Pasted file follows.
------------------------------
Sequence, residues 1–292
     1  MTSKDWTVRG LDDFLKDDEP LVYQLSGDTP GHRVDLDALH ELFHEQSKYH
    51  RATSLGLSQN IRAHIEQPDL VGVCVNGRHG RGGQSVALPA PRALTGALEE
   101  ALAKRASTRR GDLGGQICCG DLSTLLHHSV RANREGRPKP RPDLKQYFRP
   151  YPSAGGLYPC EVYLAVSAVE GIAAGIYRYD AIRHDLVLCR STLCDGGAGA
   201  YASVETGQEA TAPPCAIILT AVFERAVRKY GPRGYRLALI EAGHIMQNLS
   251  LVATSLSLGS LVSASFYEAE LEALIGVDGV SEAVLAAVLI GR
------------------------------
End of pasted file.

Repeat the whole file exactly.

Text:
Sequence, residues 1–292
     1  MTSKDWTVRG LDDFLKDDEP LVYQLSGDTP GHRVDLDALH ELFHEQSKYH
    51  RATSLGLSQN IRAHIEQPDL VGVCVNGRHG RGGQSVALPA PRALTGALEE
   101  ALAKRASTRR GDLGGQICCG DLSTLLHHSV RANREGRPKP RPDLKQYFRP
   151  YPSAGGLYPC EVYLAVSAVE GIAAGIYRYD AIRHDLVLCR STLCDGGAGA
   201  YASVETGQEA TAPPCAIILT AVFERAVRKY GPRGYRLALI EAGHIMQNLS
   251  LVATSLSLGS LVSASFYEAE LEALIGVDGV SEAVLAAVLI GR